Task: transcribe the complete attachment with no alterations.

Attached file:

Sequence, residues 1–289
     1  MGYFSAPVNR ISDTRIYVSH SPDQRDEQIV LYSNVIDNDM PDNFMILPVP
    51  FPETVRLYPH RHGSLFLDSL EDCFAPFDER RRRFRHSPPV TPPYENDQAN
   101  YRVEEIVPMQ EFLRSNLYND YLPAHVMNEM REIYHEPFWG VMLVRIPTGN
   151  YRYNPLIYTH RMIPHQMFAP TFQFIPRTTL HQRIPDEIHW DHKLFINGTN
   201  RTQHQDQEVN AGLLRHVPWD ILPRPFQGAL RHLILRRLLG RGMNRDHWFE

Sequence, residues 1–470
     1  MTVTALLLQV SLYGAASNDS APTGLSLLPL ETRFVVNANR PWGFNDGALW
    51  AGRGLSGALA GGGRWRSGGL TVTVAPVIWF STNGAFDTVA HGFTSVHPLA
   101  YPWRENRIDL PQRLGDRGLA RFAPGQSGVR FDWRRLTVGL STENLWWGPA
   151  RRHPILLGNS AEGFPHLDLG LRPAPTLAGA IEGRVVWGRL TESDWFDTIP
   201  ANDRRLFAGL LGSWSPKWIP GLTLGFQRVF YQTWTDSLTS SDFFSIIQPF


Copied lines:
Sequence, residues 1–289
     1  MGYFSAPVNR ISDTRIYVSH SPDQRDEQIV LYSNVIDNDM PDNFMILPVP
    51  FPETVRLYPH RHGSLFLDSL EDCFAPFDER RRRFRHSPPV TPPYENDQAN
   101  YRVEEIVPMQ EFLRSNLYND YLPAHVMNEM REIYHEPFWG VMLVRIPTGN
   151  YRYNPLIYTH RMIPHQMFAP TFQFIPRTTL HQRIPDEIHW DHKLFINGTN
   201  RTQHQDQEVN AGLLRHVPWD ILPRPFQGAL RHLILRRLLG RGMNRDHWFE

Sequence, residues 1–470
     1  MTVTALLLQV SLYGAASNDS APTGLSLLPL ETRFVVNANR PWGFNDGALW
    51  AGRGLSGALA GGGRWRSGGL TVTVAPVIWF STNGAFDTVA HGFTSVHPLA
   101  YPWRENRIDL PQRLGDRGLA RFAPGQSGVR FDWRRLTVGL STENLWWGPA
   151  RRHPILLGNS AEGFPHLDLG LRPAPTLAGA IEGRVVWGRL TESDWFDTIP
   201  ANDRRLFAGL LGSWSPKWIP GLTLGFQRVF YQTWTDSLTS SDFFSIIQPF